Cancer-killing cells controlled by epigenetic process, new study shows

Natural killer (NK) cells in the human body can kill and contain viruses and cancerous tumors, and a new study from the University of Southern California (USC) describes for the first time how those cells can be manipulated by epigenetics. The discovery, detailed in the Proceedings of the National Academy of Sciences, paves the way for developing more effective cancer drugs.

"Natural killer cells are very attractive targets for immunotherapy because they are able to kill ," said Si-Yi Chen, M.D., Ph.D., a faculty member of the USC Norris Comprehensive Cancer Center and senior author of the study. "While scientists all around the world are working on developing new drugs using NK cells, none of the drugs in development focuses on epigenetic regulation of the cells. Our study describes how an epigenetic process involving the enzyme MYSM1 plays a critical role in the development of ."

Epigenetics involve biochemical changes in the body that directly affect DNA, turning some genes on and turning others off. MYSM1 is an enzyme in the body's immune system that turns genes on and off by modifying proteins called histones embedded in DNA.

Through a series of experiments in mice, Chen and his colleagues demonstrate that MYSM1 is required for natural killer cells to mature and function properly.

"We found that MYSM1 creates access to proteins that enhance and, ultimately, the maturation of natural killer cells themselves," said Vijayalakshmi Nandakumar, a Ph.D. student at the Keck School of Medicine of USC and the study's first author. "To date, there are no elaborate reports linking an epigenetic phenomenon to natural killer cell development. More importantly, unlike conventional therapies, NK cell-based therapies have shown to be more effective against metastasis. We believe targeting this pathway could be a viable option for future immunotherapies."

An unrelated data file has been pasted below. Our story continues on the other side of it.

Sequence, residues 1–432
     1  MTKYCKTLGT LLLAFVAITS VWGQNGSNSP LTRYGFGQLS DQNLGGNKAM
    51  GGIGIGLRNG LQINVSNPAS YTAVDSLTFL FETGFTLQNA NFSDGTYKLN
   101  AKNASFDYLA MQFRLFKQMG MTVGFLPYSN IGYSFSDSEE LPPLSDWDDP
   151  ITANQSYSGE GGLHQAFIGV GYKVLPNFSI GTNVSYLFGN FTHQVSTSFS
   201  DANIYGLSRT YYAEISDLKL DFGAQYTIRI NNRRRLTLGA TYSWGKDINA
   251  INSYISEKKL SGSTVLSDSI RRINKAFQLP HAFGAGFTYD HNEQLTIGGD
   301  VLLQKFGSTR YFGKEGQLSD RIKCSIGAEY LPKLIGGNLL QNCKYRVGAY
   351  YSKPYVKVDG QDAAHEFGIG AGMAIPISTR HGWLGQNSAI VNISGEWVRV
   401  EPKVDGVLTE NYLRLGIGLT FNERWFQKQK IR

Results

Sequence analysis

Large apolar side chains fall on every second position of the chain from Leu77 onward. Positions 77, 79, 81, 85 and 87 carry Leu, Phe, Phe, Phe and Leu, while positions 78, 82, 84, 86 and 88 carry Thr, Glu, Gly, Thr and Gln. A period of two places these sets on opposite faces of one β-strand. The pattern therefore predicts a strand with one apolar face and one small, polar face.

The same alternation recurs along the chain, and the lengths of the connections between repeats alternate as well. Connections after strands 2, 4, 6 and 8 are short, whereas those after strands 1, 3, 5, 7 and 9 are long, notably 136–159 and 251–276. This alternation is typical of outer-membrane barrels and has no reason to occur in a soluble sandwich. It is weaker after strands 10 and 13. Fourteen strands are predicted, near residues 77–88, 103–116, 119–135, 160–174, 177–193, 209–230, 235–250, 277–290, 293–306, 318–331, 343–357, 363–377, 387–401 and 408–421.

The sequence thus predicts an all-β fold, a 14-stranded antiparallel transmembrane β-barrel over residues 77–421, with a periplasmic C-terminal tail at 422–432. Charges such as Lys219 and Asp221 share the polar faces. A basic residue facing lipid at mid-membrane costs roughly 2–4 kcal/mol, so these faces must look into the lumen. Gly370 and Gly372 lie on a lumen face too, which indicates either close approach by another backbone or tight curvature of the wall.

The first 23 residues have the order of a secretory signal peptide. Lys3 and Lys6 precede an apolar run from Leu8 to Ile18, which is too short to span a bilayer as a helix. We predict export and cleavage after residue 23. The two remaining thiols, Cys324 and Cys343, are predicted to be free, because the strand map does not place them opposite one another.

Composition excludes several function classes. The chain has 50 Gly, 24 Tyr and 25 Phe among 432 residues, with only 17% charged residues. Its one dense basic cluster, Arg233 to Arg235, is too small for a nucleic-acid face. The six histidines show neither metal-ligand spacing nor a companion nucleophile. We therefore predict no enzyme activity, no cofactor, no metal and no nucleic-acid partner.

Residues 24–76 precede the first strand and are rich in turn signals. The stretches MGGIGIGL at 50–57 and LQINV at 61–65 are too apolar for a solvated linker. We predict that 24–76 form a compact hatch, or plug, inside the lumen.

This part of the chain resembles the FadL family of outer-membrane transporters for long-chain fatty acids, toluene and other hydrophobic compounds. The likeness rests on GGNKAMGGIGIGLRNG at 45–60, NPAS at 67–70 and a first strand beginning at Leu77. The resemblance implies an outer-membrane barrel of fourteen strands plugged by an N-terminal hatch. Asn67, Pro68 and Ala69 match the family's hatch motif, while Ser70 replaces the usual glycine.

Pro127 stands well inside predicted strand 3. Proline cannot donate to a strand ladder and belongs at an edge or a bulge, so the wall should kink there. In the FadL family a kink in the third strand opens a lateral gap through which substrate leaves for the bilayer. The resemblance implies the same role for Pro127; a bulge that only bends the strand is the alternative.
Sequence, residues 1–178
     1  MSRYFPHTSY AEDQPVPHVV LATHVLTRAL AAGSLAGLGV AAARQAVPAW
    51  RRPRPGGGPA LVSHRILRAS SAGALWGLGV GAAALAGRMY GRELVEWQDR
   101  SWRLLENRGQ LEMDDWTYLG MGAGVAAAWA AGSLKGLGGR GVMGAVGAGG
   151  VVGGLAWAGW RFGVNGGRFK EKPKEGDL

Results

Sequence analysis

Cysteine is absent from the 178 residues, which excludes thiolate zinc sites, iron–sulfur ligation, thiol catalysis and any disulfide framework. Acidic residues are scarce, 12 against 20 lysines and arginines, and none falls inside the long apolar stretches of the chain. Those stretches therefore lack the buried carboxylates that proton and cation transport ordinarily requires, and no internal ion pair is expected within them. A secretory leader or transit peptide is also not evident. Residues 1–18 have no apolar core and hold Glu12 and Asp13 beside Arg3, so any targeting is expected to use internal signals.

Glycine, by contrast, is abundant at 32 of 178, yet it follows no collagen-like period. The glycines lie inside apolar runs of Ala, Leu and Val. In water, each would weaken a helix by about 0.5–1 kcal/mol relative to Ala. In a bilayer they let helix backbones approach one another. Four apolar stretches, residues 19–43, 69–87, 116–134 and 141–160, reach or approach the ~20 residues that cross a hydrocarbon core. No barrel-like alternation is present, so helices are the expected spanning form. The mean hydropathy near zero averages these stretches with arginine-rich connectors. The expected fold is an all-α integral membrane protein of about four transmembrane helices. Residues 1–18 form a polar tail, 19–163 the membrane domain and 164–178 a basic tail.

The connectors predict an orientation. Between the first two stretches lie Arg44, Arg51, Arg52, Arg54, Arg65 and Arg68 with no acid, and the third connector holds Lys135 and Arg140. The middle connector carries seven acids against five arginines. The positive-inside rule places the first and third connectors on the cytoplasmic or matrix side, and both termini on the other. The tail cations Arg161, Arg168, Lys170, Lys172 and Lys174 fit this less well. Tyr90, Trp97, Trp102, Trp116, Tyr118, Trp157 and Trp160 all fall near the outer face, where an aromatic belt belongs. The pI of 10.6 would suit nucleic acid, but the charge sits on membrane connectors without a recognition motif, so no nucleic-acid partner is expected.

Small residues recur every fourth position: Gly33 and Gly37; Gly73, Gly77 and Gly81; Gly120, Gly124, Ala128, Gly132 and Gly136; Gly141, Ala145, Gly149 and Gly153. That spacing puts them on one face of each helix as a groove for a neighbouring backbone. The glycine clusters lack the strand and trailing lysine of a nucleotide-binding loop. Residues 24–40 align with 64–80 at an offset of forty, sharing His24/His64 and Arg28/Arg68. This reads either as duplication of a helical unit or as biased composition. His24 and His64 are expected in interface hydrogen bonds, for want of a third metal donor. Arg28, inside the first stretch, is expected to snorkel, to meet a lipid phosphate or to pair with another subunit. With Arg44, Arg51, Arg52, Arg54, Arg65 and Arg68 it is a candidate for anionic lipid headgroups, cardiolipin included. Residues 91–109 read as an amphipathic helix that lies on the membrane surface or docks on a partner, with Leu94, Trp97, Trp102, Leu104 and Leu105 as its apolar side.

More information: Nandakumar, V., Chou, Y.C., Zang, L., Huang, X.F., & Chen, S.Y. (2013). Epigenetic control of NK cell maturation by histone H2A deubiquitinase MYSM1. Proceedings of the National Academy of Sciences Early Edition, 1-11. Published online Sept. 23, 2013; DOI: 10.1073/pnas.1308888110

Related Stories

Static killers?

Sep 06, 2013

Mammals contain cells whose primary function is to kill other cells in the body. The so-called Natural Killer (NK) cells are highly important in defending our bodies against viruses or even cancer. Scientists ...

Cocktail boosts immune cells in fighting cancer

Dec 06, 2012

Natural killer cells, as part of the body´s immune system, can effectively fight cancer. Unfortunately, they quickly lose their aggressiveness and hence are unable to reject solid tumors. Scientists from the German Cancer ...

Overactive immune response blocks itself

Jul 26, 2013

As part of the innate immune system natural killer cells (NK cells) play an important role in immune responses. For a long time they have been known as the first line of defense in the fight against infectious ...

Between B cells and T cells

Jul 23, 2013

Mature cells develop through a number of immature stages. During this process, they must remember the specialization they are committed to. For immune system B cells, Rudolf Grosschedl of the Max Planck Institute of Immunobiology ...

Recommended for you

Cause of ageing remains elusive

20 hours ago

A report by Chinese researchers in the journal Nature a few months ago was a small sensation: they appeared to have found the cause for why organisms age. An international team of scientists, headed by the ...

Newly discovered bacterial defence mechanism in the lungs

21 hours ago

A new study from Karolinska Institutet presents a previously unknown immunological mechanism that protects us against bacterial infections in the lungs. The study is being published in the American Journal of Respiratory an ...

User comments